Another divided back card. These were in common use starting in 1907, and stayed in use long after that. There is an inscription on the lower front, in an odd, italic type face: “Ruins of Tavern on Old Stage Road, Kingsport, Tenn.”
According to a map of the Boatyard District in “Kingsport Heritage: The Early Years 1700 to 1900” by Muriel Spoden, this was the 1813 Joseph Everett Stone Tavern located on Lot 2, next to the Netherland Inn, where that gas company is now located.
I assume this picture dates from sometime in the 1930s. The Spoden book indicates that this tavern was derelict in the late ’20s.
The card has a blue cast, which I’ve seen before in later cards.
Dating this card is difficult. It’s an early divided back card popular between 1907 and 1915, but the designs varied widely depending upon what company was printing them. This train station was not completed until 1916 and the title of the card is “C C. & 0 PASSENGER STATION, KINGSPORT, TENN. Photo by Bachelder’s Studio”.
On the back, as shown, is written “Form Minnie Fletcher Kingsport”, then “Miss Mae Cooper Keokee VA,” There is some very, very faint writing in the lower left quadrant of the card, but, despite running it through a bunch of filters, I found it to be unreadable.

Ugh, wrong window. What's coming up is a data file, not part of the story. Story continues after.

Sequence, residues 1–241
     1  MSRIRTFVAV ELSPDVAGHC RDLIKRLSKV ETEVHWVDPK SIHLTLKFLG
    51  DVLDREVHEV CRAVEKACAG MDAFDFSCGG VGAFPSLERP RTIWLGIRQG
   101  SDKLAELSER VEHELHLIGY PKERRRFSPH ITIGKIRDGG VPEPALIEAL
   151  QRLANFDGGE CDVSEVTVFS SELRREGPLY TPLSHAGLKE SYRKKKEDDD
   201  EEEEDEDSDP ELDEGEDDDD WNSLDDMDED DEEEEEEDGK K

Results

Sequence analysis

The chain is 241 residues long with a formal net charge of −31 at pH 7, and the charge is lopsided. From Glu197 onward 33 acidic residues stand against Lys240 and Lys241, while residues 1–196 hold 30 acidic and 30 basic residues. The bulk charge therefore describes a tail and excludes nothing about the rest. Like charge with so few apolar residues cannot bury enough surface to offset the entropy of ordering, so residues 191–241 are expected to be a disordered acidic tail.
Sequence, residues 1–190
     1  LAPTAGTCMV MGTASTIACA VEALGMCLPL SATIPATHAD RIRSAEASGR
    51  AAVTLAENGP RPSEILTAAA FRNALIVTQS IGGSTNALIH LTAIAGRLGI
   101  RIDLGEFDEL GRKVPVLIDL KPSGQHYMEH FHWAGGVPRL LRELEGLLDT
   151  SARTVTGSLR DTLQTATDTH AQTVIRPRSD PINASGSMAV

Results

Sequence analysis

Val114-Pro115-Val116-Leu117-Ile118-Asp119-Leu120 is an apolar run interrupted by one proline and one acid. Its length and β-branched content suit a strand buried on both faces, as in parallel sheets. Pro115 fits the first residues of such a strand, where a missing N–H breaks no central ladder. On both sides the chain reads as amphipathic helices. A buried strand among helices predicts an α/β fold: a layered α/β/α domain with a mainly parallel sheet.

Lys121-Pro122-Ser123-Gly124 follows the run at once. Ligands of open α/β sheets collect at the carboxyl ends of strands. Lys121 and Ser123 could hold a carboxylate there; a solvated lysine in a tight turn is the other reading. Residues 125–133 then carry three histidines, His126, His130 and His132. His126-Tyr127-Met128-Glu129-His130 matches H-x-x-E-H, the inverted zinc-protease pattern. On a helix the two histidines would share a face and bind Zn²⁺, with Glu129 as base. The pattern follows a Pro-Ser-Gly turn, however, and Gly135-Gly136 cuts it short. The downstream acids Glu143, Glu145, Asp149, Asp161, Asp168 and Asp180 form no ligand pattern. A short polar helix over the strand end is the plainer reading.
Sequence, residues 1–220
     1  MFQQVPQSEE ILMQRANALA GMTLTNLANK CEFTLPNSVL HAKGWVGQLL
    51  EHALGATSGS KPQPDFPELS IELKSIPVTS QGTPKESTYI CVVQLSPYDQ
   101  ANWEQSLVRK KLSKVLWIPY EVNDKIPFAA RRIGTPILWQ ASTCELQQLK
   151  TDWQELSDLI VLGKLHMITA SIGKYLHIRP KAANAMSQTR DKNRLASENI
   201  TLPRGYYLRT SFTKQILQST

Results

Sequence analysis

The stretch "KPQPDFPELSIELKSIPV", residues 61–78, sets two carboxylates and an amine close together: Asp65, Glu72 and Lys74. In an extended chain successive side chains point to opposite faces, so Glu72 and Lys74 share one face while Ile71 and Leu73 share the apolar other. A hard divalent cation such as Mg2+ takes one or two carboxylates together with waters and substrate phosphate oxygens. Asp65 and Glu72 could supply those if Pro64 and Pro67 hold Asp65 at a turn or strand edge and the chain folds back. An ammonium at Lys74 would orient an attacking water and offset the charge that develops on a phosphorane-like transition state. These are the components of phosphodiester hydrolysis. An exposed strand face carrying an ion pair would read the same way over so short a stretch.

In 1916, Bachelder’s Studio (actually Bachelder & McLean Studios) was located on the second floor of what is now “Pappy’s” on the corner of Main and Cherokee in downtown Kingsport.
Note that you can see the beginnings of the neighborhood that existed on Cement Hill.
There are also at least two bicycles in the picture and a gang of people standing to the left of the building. Behind them is one of the two-story homes that ran along the base of Cement Hill.
This is the Far East Restaurant. There’s a vacuum cleaner place there currently. On the back: “FAR-EAST RESTAURANT, The only smartest Chinese-American Restaurant in the Tri-City area is located at 1120 Bristol Highway in Kingsport, Tennessee. Featuring finest Chinese and American food. Specializing in Chinese family dinners. Live Maine Lobster. Choice steaks and Take-Home orders. Catering to parties. Pub. by Fred W. Stanley, Johnson City, Tenn.” The card was published by Dexter Press, Inc. West Nyack, New York.
The Martinique Restaurant. On the back: “THE MARTINIQUE RESTAURANT Located at Junction of U.S. 11W and U.S. 23 Highways at circle, Kingsport, Tenn. Near Nice Motels. ‘Serving fine food.’ Telephone Circle 5-9612.”
Elvis is said to have eaten here.
And here’s the United Nations Restaurant. On back: (graphic of various country flags) THE UNITED NATIONS RESTAURANT 209 E. New Street – Telephone 933 KINGSPORT, TENNESSEE”
The card was published by Howard-Duckett Co., Printers Kingsport, Tenn.
This restaurant was not in business by 1959.
I checked my 1959 Kingsport City Directory and saw that this location, on the corner of East Market and Cherokee Streets (245 East Market Street) , was then W.B. Greene’s Bargain Annex (used furniture). Nick’s Western Shop, which also specialized in square dancing regalia, was owned by Nick Drakos. I can anecdotally track the business back to around 1960 or so, but I don’t have a firm opening date. I think I took this in the mid-90s, when I learned that Nick’s was going out of business. Corrections and additions appreciated!